A large statue of Our Lady of Sheshan stood on the pope’s desk as he spoke. The pope noted that during the month of May many Chinese Catholics usually go on pilgrimage to the Marian Shrine of Sheshan, located near Shanghai.

“I too ideally climb the hill of Sheshan, and let us all together entrust to Mary, Help of Christians, our brothers and sisters in the faith who are in China, all the Chinese people, and all our poor world, asking for her intercession, so that peace may always win everywhere,” Pope Francis said.

Following the pope’s message, Shen Bin delivered a 15-minute speech in Chinese to the packed auditorium of the Pontifical Urban University on the Janiculum Hill overlooking St. Peter’s Basilica.

The Chinese bishop offered a different interpretation of the 1924 council from the pope in his speech, saying that “the Council of Shanghai did not lead to an immediate and radical change in the Church in China,” adding that by the 1949 Communist Revolution “only 29 of China’s 137 dioceses had Chinese bishops, and only three of 20 archbishops were Chinese.”

“The Catholic Church in China had not really freed itself from foreign powers to become a work led by Chinese Christians and had not yet managed to shed the label of ‘foreign religion,’” he said.

Shen Bin, who has held leadership positions in the Chinese Catholic Patriotic Association established by the Chinese Communist Party and under the control of the United Front Work Department, went on to defend Beijing’s religious freedom record and underlined the need for the Church in China to “follow a path of sinicization.”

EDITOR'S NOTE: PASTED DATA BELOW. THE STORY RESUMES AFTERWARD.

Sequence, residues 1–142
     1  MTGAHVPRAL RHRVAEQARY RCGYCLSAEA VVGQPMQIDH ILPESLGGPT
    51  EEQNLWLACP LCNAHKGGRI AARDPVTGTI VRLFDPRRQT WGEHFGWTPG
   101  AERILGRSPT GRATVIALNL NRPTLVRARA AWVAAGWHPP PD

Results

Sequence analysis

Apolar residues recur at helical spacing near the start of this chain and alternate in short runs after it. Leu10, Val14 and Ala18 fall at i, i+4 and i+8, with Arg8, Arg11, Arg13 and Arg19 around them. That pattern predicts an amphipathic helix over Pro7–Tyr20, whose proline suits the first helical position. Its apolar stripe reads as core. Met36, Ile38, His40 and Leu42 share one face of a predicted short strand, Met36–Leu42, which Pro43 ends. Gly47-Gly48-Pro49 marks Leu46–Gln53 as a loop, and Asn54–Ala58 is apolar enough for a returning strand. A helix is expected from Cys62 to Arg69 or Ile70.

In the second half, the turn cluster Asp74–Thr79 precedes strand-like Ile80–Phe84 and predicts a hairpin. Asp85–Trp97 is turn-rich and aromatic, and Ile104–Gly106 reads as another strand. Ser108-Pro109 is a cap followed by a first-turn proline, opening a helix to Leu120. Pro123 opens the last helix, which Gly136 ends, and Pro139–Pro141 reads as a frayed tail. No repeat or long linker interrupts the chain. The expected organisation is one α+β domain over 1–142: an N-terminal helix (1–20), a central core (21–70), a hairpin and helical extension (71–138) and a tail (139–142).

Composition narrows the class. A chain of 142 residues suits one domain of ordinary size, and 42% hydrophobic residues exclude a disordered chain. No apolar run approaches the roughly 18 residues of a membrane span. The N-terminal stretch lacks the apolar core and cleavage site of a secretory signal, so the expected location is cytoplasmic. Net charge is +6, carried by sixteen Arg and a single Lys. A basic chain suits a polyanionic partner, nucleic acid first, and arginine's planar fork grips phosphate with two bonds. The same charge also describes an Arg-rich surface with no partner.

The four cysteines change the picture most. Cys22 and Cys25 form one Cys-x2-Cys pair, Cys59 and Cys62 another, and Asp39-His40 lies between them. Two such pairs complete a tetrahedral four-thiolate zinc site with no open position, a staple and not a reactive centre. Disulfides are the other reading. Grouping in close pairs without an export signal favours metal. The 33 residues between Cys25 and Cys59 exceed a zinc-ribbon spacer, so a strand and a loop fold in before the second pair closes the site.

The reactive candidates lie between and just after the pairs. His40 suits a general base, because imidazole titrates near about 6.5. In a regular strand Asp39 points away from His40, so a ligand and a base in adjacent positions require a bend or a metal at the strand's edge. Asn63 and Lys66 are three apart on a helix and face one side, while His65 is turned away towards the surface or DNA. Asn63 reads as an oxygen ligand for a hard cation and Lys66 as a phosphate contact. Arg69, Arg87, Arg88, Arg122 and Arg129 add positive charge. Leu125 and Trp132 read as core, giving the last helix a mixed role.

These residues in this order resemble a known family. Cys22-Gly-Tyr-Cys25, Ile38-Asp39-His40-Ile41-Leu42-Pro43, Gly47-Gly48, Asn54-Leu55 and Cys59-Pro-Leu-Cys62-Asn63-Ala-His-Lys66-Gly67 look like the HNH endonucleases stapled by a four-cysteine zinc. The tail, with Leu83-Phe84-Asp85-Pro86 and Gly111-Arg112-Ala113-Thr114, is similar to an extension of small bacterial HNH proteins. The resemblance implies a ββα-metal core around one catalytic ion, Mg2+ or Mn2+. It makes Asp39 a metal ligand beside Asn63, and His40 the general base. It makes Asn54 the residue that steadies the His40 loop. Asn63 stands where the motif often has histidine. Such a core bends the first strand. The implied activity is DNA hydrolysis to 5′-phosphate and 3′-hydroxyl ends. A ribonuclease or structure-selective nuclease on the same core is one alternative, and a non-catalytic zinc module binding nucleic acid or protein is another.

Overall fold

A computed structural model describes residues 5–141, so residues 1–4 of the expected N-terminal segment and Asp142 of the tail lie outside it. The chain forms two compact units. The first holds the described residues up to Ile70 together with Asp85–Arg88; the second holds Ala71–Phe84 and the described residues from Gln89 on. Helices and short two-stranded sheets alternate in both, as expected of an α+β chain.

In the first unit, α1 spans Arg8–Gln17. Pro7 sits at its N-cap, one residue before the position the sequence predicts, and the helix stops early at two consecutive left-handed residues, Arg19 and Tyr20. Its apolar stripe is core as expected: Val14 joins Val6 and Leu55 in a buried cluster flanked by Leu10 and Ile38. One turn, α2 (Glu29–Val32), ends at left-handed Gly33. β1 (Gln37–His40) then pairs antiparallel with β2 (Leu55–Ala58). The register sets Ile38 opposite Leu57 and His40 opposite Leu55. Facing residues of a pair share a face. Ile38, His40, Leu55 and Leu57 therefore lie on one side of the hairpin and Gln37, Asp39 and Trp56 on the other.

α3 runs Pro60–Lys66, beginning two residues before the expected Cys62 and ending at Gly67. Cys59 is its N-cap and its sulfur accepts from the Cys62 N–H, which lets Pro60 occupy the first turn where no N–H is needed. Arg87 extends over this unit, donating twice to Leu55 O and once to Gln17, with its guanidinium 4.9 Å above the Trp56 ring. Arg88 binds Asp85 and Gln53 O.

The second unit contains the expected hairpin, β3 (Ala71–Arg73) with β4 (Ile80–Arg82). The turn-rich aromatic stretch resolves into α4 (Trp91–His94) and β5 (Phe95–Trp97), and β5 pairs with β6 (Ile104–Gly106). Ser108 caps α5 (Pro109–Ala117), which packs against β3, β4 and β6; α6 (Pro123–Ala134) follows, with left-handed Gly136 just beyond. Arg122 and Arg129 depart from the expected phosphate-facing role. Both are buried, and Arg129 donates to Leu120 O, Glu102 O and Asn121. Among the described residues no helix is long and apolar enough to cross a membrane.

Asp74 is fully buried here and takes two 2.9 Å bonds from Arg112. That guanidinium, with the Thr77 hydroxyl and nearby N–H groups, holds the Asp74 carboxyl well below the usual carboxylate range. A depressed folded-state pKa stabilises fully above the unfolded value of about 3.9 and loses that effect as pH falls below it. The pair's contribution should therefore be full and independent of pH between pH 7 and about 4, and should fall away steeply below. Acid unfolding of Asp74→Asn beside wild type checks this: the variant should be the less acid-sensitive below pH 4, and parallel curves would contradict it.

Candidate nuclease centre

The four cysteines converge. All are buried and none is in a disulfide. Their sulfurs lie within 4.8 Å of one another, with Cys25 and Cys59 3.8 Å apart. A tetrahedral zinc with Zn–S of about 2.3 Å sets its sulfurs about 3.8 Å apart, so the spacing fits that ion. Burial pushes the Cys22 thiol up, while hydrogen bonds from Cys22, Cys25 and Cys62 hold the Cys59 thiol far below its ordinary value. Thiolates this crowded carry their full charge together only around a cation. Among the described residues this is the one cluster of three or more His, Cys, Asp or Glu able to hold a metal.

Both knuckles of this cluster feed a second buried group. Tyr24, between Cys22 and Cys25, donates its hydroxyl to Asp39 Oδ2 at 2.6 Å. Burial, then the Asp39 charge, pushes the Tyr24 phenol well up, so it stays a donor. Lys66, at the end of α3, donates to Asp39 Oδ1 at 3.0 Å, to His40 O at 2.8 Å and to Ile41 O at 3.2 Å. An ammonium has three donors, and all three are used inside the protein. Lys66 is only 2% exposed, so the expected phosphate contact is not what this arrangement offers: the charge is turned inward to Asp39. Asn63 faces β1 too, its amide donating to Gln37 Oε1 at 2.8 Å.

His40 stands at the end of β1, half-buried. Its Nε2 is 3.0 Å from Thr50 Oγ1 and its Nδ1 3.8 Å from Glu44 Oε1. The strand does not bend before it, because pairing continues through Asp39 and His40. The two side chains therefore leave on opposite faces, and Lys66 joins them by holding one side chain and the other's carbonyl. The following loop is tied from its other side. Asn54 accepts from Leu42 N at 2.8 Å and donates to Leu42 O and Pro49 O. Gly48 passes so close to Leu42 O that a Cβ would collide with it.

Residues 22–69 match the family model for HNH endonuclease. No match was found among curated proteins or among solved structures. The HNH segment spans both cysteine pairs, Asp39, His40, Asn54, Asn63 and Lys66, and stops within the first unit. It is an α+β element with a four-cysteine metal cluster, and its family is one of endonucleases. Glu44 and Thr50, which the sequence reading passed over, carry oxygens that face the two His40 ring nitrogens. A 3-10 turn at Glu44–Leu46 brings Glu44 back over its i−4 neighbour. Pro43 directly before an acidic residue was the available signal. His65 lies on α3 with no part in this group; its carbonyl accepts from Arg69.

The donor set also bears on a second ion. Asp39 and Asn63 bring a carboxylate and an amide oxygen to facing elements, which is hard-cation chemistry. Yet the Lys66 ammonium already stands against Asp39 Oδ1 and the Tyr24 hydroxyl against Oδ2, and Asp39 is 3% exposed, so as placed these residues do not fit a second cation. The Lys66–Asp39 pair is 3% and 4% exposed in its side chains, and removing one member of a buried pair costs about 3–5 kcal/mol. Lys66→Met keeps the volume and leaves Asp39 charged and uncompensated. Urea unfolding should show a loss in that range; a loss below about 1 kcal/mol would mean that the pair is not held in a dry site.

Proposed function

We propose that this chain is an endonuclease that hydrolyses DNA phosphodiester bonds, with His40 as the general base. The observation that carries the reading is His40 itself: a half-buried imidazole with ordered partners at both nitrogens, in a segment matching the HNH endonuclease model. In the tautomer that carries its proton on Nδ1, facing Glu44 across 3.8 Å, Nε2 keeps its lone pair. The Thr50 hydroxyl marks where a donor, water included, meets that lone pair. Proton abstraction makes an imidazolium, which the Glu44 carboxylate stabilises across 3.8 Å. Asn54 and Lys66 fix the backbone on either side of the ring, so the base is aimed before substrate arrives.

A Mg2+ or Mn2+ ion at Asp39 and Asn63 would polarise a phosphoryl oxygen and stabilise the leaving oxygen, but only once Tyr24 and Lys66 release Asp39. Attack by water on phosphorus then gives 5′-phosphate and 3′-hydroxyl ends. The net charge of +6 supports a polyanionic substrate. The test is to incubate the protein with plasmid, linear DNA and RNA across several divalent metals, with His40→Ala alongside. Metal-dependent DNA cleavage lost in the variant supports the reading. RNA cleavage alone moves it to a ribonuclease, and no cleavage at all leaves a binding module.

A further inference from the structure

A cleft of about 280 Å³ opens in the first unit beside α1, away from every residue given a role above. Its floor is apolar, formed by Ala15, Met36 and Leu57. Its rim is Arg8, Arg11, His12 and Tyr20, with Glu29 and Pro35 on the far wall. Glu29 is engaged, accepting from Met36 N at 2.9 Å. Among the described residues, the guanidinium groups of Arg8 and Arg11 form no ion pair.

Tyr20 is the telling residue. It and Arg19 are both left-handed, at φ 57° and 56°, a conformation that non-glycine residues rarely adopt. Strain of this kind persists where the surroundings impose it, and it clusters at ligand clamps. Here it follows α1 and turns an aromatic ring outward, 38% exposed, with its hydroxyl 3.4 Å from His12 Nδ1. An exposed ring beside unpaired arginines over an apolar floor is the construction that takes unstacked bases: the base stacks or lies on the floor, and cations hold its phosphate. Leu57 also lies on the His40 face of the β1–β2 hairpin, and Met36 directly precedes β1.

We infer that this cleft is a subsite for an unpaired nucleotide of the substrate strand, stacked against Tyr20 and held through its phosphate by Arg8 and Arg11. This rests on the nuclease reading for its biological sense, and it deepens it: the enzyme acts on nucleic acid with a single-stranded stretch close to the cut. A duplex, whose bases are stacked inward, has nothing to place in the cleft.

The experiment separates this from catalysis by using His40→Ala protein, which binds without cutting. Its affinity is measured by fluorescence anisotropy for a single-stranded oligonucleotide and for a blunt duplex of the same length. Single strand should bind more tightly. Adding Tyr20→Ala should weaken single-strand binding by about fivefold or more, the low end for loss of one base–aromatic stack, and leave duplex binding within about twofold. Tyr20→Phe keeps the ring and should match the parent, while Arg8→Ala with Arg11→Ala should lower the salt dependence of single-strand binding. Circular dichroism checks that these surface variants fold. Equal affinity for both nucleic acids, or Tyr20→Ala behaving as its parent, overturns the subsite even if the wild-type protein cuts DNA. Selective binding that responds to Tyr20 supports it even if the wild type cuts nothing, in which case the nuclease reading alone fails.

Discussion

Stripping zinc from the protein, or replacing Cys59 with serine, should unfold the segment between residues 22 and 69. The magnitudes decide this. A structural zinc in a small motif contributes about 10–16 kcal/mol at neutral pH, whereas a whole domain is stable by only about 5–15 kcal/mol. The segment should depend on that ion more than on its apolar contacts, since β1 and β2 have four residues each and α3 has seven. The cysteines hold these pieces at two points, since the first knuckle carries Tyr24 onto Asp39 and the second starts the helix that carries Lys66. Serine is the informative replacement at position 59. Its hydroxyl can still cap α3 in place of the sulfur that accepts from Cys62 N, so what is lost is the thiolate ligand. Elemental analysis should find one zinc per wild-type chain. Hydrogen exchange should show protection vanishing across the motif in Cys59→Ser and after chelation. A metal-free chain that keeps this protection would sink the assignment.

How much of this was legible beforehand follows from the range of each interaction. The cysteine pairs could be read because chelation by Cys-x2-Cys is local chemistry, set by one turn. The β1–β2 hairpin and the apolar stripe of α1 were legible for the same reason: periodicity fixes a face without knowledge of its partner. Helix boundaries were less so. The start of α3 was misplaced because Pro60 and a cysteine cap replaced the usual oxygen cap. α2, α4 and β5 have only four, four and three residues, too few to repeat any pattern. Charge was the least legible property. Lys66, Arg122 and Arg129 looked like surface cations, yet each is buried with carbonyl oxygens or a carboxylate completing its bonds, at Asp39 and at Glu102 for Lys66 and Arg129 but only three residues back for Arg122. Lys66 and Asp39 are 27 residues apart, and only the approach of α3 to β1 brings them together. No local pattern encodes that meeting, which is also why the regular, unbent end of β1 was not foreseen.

“The policy of religious freedom implemented by the Chinese government has no interest in changing the Catholic faith but only hopes that the Catholic clergy and faithful will defend the interests of the Chinese people and free themselves from the control of foreign powers,” Shen Bin said in his speech.

“Today the Chinese people are carrying out the great rebirth of the Chinese nation in a global way with Chinese-style modernization, and the Catholic Church in China must move in the same direction, following a path of sinicization that is in line with Chinese society and culture today,” the Shanghai bishop added.

The conference, titled “100 Years Since the ‘Concilium Sinense’: Between History and the Present,” was held in Chinese and Italian in the Great Hall of the Pontifical Urban University. The Pastoral Commission for China and Agenzia Fides, the information service of the Pontifical Mission Societies, organized the conference, which featured Vatican Secretary of State Cardinal Pietro Parolin and Cardinal Luis Antonio Tagle as speakers.

Speaking to journalists on the sidelines of the conference, Parolin said the Holy See would like to increase and deepen its contacts in China.

“We have been hoping for a long time now to have a stable presence in China, even if initially it may not have the form of a papal representation of an apostolic nunciature,” Parolin said.